This principle of love is broadly recognized as an important tool of persuasion. To a significant degree, the membership growth in various sects and cults can be attributed to the warmth and love initially extended to outsiders. Even the most secular activities and causes can attract people to them by the demonstration of love and concern. Though this kind of love is often shallow and fleeting, it can attract enough to fulfill its purpose. A highly touted college athlete once told me, “Boy, that coach was so nice and friendly when he recruited me – smiling attentive, gracious. What a change after I was signed and at practice! He turned real mean and nasty – quick!”

Genuine Christian love differs from the world’s version, in at least two ways. First it is directly rooted in the only true source of love for the world – the love of Christ. “In this the love of God was made manifest among us, that God sent his only Son into the world, so that we might live through him. In this is love, not that we loved God but that he loved us and sent his Son to be the expiation for our sins” (1 John 4:9-10). We are now able to love others effectively because we have received the momentous, empowering, eternal love of God Almighty. “We love because he first loved us” (1 John 4:19).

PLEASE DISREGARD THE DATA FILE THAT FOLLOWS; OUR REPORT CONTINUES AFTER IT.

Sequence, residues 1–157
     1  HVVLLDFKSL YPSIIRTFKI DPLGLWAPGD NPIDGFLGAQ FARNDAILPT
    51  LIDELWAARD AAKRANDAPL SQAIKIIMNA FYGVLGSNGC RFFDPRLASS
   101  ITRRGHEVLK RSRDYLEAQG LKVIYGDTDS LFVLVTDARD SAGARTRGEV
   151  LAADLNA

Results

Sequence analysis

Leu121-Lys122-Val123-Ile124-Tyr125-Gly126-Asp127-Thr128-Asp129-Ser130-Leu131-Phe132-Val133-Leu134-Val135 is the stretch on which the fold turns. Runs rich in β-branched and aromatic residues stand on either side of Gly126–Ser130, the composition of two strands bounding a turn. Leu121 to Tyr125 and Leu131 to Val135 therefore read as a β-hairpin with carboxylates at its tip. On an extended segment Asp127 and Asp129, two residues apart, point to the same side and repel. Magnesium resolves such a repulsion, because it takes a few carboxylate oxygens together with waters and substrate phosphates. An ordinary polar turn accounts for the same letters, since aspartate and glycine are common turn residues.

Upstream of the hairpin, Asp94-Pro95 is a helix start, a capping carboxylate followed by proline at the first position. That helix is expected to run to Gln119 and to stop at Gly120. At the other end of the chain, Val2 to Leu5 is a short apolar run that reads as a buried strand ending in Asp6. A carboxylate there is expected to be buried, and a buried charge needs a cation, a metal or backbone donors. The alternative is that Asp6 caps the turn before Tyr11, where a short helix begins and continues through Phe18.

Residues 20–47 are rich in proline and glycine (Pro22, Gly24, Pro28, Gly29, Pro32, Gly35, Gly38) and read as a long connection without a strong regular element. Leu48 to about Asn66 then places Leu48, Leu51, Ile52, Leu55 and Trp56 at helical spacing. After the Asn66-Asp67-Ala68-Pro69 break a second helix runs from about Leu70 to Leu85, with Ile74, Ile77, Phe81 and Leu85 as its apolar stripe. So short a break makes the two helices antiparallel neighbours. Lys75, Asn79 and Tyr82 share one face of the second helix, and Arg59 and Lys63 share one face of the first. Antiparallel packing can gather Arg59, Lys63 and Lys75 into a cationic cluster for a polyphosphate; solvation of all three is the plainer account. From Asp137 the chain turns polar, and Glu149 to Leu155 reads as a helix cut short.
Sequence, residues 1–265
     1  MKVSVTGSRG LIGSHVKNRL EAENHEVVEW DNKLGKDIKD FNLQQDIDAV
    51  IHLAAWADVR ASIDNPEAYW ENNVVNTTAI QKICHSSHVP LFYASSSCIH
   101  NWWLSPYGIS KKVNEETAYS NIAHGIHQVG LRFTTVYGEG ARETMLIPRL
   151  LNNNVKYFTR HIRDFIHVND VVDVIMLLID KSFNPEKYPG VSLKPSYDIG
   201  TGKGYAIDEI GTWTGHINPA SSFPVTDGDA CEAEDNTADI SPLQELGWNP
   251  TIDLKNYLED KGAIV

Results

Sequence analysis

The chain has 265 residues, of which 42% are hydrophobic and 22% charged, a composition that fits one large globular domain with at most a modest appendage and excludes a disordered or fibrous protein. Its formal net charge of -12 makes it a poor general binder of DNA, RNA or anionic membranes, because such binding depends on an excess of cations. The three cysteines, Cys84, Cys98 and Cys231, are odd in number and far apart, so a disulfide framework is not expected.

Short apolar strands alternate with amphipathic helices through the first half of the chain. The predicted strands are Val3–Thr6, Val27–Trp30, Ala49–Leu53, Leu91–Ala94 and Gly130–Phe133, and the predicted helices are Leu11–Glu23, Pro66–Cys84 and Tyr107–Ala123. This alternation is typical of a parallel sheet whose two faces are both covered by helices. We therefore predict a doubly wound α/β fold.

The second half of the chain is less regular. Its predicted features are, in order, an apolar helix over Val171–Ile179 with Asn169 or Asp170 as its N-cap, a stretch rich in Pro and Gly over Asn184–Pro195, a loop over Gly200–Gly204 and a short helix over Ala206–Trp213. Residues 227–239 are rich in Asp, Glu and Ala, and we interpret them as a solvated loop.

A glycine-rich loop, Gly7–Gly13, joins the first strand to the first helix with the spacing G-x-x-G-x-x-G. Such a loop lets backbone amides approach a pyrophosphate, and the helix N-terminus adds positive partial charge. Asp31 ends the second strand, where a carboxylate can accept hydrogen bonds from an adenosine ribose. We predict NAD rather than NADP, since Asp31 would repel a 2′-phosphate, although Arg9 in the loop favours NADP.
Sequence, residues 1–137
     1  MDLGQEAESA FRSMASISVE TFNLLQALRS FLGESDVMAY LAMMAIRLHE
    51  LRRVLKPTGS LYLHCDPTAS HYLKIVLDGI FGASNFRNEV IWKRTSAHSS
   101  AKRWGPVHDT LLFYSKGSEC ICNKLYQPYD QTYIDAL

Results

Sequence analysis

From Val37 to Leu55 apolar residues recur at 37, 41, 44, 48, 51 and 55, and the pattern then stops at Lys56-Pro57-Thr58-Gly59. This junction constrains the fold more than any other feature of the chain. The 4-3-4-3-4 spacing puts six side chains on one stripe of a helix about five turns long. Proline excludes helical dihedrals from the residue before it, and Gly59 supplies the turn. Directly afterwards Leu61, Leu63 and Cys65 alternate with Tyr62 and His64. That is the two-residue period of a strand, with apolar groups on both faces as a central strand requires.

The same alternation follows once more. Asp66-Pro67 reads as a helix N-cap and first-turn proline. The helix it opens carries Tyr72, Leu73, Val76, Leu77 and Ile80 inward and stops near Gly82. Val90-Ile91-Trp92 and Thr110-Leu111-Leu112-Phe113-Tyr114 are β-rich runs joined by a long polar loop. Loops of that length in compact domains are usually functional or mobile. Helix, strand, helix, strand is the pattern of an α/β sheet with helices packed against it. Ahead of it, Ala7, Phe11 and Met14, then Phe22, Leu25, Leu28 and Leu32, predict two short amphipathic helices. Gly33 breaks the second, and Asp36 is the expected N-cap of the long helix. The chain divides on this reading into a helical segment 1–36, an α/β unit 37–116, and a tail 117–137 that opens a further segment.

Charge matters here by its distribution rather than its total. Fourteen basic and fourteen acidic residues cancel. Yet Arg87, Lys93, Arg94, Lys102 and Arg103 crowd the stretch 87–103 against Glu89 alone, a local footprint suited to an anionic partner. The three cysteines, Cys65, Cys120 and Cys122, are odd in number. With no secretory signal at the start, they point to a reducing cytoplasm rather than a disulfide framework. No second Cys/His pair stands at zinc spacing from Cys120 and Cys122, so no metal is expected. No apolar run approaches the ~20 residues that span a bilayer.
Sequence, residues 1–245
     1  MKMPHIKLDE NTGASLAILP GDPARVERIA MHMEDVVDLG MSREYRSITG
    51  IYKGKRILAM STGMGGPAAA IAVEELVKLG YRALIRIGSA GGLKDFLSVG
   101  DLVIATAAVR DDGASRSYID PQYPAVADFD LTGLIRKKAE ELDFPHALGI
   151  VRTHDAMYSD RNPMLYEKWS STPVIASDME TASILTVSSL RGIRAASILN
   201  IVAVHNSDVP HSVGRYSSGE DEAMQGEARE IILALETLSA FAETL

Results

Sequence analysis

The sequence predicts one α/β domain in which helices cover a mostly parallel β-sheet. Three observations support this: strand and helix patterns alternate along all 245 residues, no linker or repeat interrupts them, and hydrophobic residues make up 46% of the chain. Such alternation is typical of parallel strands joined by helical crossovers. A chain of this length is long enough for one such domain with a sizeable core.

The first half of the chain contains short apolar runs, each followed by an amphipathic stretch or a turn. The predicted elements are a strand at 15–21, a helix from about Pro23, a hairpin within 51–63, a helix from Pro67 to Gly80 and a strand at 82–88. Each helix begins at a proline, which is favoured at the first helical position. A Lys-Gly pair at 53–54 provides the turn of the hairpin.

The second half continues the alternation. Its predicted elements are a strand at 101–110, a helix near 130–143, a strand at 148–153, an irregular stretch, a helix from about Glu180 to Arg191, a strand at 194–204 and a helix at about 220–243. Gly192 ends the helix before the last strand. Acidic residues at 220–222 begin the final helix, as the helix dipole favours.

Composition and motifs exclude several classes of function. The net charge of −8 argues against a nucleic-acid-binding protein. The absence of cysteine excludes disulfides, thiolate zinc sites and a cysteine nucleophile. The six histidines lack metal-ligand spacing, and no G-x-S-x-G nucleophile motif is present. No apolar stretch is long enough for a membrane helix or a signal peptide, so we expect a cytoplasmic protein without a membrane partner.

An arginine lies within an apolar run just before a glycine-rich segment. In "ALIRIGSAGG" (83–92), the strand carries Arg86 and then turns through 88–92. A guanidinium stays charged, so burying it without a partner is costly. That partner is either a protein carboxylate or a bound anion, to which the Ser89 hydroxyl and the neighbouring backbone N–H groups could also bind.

Second, Christian love rightly directs its recipients towards man’s greatest good. The apostle Paul showed through his actions and his words the genuine love that compelled him to serve both believers and non-believers. This love was directed toward the highest, most noble aspirations. To the church in Philippi he wrote:

For God is my witness, how I yearn for you all with the affection of Christ Jesus. And it is my prayer that your love may abound more and more, with knowledge and all discernment, so that you may approve what is excellent, and may be pure and blameless for the day of Christ, filled with the fruits of righteousness which come through Jesus Christ, to the glory and praise of God. (Philippians 1:8-11)
Paul wanted their love to abound not simply because it would win more converts, good as that goal might be, but so they could be pure and blameless, filled with the fruits of righteousness. The ultimate purpose of love is for “the glory and praise of God.”

Love is cited frequently in the New Testament as the highest virtue. We are told that it is greater than all gifts, knowledge, and ability. We are charged to make it our aim in all relationships – with Christian and non-Christians alike. It is the basis for Christian unity – a sign to a lost world that they may believe. Jesus thus prays for his disciples, “that they may become perfectly one, so that the world may know that you have sent me” (John 17:23).

Showing love to others is not an evangelistic ploy or strategy. The love that Christians have even for their enemies is a stamp of their sonship: